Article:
The author makes certain dubious assumptionaboutthe impact of beach-accessfees. On the one hand, the authorignores the possibility that charging fees might deter so many tourists thatTria would be worse off overall. On the other hand,perhaps the vast majority of Tria’s tourists and residents alike would happilypay for beach access, in which caseTriabeaches would continue to be no lesscrowded than they are now. Under eitherscenario, adopting the author’s proposal might harm, rather than benefit,Tria’s tourist industry in the long run.
The editorial goes on to cite studies which “attest to the value” ofallowing students to hear books read aloud. However, as it standsthis evidence is far too vague to supportthe editorial’sconclusion; we are not informed whether the “value” relates specifically toreading skills. Common sense tells me thatwhile audiocassettes can help any person learn facts and understand concepts, askill such as reading can only be learned by practicing the skill itself.
The memo fails to indicate whether other magazines experienced an increaseof a decrease in sales by reducing their emphasis on international news. It ispossible, for instance, that the other magazines experienced declining saleseven for issues focusing only on demostic news. If so, then the publisher’srecommendation would make little sense.On the other hand, if other magazines experienced the same correlation betweencover story and sales volume, this fact would lendconsiderable support to the publisher’s conclusion thatinternational cover stories were responsible for poor sales.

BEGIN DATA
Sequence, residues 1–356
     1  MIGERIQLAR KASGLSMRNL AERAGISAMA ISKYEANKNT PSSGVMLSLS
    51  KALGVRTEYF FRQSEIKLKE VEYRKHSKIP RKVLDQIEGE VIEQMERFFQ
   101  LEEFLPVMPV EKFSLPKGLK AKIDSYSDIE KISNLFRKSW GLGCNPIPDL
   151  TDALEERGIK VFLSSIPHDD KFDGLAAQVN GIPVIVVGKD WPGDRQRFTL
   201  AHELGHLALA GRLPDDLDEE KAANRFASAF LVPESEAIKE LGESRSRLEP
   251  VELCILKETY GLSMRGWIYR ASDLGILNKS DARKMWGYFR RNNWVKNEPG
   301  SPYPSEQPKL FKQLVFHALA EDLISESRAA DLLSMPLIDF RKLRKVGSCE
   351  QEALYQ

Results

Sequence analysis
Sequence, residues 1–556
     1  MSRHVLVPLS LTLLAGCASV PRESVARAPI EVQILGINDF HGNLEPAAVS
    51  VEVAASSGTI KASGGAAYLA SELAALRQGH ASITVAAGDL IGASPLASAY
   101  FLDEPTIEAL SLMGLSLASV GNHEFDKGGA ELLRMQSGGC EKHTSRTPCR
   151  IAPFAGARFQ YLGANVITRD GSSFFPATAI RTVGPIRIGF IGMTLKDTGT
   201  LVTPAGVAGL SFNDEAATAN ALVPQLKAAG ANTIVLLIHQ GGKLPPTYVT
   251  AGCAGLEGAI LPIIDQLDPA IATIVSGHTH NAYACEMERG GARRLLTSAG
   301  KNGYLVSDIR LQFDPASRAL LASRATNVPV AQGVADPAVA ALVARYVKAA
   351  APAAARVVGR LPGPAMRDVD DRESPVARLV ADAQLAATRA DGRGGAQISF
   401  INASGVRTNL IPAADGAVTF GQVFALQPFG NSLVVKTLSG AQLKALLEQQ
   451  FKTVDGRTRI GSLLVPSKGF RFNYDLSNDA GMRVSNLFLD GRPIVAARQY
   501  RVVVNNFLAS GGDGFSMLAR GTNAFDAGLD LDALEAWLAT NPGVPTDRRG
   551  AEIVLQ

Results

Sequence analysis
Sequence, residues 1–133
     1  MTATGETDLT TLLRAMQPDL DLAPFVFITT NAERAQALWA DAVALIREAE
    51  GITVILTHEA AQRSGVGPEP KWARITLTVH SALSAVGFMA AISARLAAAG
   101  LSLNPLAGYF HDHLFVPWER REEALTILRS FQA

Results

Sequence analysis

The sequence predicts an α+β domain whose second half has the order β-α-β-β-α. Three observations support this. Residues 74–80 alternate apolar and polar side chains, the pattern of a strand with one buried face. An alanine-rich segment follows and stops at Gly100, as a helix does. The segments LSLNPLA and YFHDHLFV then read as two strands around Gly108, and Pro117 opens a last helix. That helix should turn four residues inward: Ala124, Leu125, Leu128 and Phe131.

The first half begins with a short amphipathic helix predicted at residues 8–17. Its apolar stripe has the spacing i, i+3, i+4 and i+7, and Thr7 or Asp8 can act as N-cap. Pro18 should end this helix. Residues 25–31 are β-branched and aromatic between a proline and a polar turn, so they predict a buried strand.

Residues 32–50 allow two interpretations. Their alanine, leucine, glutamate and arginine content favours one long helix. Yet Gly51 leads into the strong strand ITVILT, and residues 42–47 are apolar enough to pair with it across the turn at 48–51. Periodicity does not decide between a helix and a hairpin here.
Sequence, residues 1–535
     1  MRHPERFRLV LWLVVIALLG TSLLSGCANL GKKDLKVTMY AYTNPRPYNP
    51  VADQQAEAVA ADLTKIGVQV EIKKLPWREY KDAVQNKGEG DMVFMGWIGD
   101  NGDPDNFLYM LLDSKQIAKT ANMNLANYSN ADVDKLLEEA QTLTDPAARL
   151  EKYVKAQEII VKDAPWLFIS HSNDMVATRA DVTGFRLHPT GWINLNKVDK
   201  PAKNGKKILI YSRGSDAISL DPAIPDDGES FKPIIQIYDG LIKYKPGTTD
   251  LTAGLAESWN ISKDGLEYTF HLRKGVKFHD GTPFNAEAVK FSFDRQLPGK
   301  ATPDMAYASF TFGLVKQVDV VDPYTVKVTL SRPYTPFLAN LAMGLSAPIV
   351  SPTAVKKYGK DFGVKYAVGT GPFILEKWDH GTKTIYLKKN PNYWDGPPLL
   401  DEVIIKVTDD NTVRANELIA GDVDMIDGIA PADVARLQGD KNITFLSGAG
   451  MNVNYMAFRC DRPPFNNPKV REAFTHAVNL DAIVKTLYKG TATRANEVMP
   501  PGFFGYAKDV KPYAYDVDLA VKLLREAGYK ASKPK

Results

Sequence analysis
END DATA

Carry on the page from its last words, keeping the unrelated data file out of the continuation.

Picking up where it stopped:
Theeditorial seems to make two irreconcilable claims.One is that the merger will result inthe elimination of certain duplicative jobs; theother is that no current municipal employee will become umemployedas a result of the merger. The editorial fails to consider that eliminatingduplicative jobs would decrease the aggregate number of current municipalemployees unless enough new jobs are created to offset the decrease, and thatnew jobs would in turn add to administrative costs. Thus,as it stands the argument is self-contradictory, and the author must eithermodify it by choosing between two competing objectives—preservingcurrent employment levels and cutting costs—orsomehow reconcile these two objective